Thru-Hiking the John Muir Trail—A Photo Gallery

By Michael Lanza

It’s known as “America’s Most Beautiful Trail” for good reason: There may be no long backpacking trip that’s more spectacular, step for step, than a thru-hike of the John Muir Trail through California’s High Sierra. From Yosemite Valley to the 14,505-foot summit of Mount Whitney in Sequoia National Park, you walk 211 miles past jagged peaks of golden granite, through a constellation of sparkling mountain lakes and more waterfalls than anyone could name, and over numerous passes from 11,000 to over 13,000 feet.

Haven’t hiked the JMT yet? Check out the photos below. They just might convince you that it’s time to move it to the top of your list.

The John Muir Trail has become one of the most sought-after long-distance hikes among serious backpackers. Late summer is the best time for a JMT thru-hike (as well as backpacking anywhere in the High Sierra, or many other Western mountain ranges, for that matter), for many reasons: The bugs, heat, thunderstorms, and crowds of July and August have largely dissipated, and the high passes are snow-free, while dry weather often lingers well into September, with mild daytime temperatures and pleasantly cool nights.

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A backpacker hiking the John Muir Trail south toward LeConte Canyon, Kings Canyon National Park.
David Ports backpacking the John Muir Trail south toward LeConte Canyon in Kings Canyon National Park.

And if you hope to make this your year for a JMT thru-hike, the time to start planning, picking dates, and preparing to apply for a wilderness permit is now.

Get a sampler of this classic, incomparable backpacking trip in the photo gallery below. Scroll past the gallery to find links to stories at this blog about the JMT, including my feature story about thru-hiking it in a week with friends, and other stories offering expert tips on how to plan and execute a JMT thru-hike.

I’ve helped many readers plan an unforgettable backpacking trip on the John Muir Trail.
Want my help with yours? Find out more here.


Read read my feature story “Thru-Hiking the John Muir Trail in 7 Days: Amazing Experience, or Certifiably Insane?” about my (admittedly somewhat insane) seven-day JMT thru-hike, which includes more photos, a video, and lots of tips on pulling off your own trek on “America’s Most Beautiful Trail.” Please note that reading that full story, as with most stories about trips at The Big Outside, requires a paid subscription.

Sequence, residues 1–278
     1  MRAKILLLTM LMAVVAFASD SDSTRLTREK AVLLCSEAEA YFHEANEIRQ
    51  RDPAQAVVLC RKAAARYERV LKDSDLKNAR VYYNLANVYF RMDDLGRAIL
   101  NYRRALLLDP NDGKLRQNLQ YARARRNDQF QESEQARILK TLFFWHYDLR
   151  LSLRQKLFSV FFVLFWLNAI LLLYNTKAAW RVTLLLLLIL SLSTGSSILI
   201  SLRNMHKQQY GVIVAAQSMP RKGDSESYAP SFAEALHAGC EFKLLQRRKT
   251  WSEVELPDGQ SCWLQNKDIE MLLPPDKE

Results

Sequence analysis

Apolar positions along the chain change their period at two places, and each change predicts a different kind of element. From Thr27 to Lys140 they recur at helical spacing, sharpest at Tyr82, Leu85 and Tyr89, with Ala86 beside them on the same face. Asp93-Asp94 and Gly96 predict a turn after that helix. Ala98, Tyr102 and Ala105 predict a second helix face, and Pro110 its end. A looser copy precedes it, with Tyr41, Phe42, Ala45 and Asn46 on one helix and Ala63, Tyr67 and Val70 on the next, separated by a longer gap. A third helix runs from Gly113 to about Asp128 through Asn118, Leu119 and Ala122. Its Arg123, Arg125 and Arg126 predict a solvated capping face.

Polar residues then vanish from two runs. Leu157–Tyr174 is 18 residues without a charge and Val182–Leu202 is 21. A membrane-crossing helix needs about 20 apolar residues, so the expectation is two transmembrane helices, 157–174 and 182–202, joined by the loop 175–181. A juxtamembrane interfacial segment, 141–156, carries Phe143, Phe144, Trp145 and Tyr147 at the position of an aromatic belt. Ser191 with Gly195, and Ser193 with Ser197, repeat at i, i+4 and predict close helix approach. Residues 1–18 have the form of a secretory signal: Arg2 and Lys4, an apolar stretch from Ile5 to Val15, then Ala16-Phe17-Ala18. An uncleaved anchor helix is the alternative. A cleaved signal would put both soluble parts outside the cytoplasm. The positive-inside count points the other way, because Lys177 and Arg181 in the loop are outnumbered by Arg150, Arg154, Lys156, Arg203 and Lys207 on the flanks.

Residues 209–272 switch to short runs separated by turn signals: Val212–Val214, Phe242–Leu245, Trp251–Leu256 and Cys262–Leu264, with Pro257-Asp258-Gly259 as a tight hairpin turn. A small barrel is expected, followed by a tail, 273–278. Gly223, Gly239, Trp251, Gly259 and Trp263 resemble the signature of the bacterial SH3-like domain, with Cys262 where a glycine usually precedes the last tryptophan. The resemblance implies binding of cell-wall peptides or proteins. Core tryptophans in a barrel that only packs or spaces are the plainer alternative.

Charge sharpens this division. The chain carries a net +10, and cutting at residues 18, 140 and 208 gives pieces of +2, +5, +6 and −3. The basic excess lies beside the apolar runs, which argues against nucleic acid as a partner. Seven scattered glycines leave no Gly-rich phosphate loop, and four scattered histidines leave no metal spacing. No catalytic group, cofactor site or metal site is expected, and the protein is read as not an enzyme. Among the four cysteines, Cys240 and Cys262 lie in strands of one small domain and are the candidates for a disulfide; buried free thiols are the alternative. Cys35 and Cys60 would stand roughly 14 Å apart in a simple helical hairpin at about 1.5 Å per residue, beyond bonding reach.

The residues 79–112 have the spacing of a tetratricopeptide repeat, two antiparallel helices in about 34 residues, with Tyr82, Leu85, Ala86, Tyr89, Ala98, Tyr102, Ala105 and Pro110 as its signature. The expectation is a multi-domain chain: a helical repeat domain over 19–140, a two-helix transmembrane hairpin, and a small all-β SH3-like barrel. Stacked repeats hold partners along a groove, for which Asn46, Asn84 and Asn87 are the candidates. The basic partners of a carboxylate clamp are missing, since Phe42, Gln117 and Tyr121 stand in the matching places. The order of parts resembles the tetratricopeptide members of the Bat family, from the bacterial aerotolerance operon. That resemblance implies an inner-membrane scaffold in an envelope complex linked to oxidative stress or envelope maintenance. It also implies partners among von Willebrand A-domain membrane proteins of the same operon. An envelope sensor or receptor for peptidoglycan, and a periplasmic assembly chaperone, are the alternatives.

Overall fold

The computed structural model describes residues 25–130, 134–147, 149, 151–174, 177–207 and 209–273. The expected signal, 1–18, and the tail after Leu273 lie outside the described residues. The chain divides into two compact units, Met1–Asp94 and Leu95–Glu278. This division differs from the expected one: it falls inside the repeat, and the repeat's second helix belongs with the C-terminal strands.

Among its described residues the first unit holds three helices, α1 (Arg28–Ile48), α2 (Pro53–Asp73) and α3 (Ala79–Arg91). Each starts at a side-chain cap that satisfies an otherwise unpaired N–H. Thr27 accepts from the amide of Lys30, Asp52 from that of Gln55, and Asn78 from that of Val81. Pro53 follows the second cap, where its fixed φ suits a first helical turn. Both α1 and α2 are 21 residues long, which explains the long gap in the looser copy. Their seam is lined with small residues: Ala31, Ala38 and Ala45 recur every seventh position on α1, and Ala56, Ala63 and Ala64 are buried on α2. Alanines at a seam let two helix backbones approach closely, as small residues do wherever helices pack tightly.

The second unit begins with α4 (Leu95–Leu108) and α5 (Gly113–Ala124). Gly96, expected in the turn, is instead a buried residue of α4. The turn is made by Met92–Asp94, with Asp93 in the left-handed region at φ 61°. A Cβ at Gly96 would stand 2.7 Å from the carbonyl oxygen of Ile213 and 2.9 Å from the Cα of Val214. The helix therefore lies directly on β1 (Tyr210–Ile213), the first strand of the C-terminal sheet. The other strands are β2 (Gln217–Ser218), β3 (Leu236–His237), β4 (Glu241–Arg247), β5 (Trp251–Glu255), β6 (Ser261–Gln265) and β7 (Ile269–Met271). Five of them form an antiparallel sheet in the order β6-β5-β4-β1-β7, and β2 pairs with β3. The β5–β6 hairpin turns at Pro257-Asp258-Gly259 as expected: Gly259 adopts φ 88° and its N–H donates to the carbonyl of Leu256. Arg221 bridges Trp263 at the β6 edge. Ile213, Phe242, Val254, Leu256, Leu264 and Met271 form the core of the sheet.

See also these stories: “Thru-Hiking the John Muir Trail: What You Need to Know,” “How to Get a John Muir Trail Wilderness Permit,” “10 Great John Muir Trail Section Hikes,” “Thru-Hiking the John Muir Trail: The Ultimate, 10-Day, Ultralight Plan,” and all stories about backpacking the John Muir Trail at The Big Outside.

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One key to finishing and enjoying the 211-mile JMT (221 miles including the descent off Mount Whitney, which is not part of the JMT) is keeping your pack weight as light as possible. See my story “A Practical Guide to Lightweight and Ultralight Backpacking.” If you don’t have a paid subscription to The Big Outside, you can read part of that story for free, or click here to download that full story without having a paid membership.

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5 thoughts on “Thru-Hiking the John Muir Trail—A Photo Gallery”

  1. Thru-hiked the JMT in 2017. Was magical. Was going to section hike Evolution Valley next week but instead will do it first week of October. Know there is a risk of snow storms then but think it would be really nice to be out there that time of year as you say!

    • Hey Jason, I’ve also wanted to return to the Evolution Basin area and create a loop hike into it, there are options on the map, as I’m sure you’ve seen. And with flexibility, you can often find a window of a few days or more of good early-fall weather in the High Sierra. Good luck.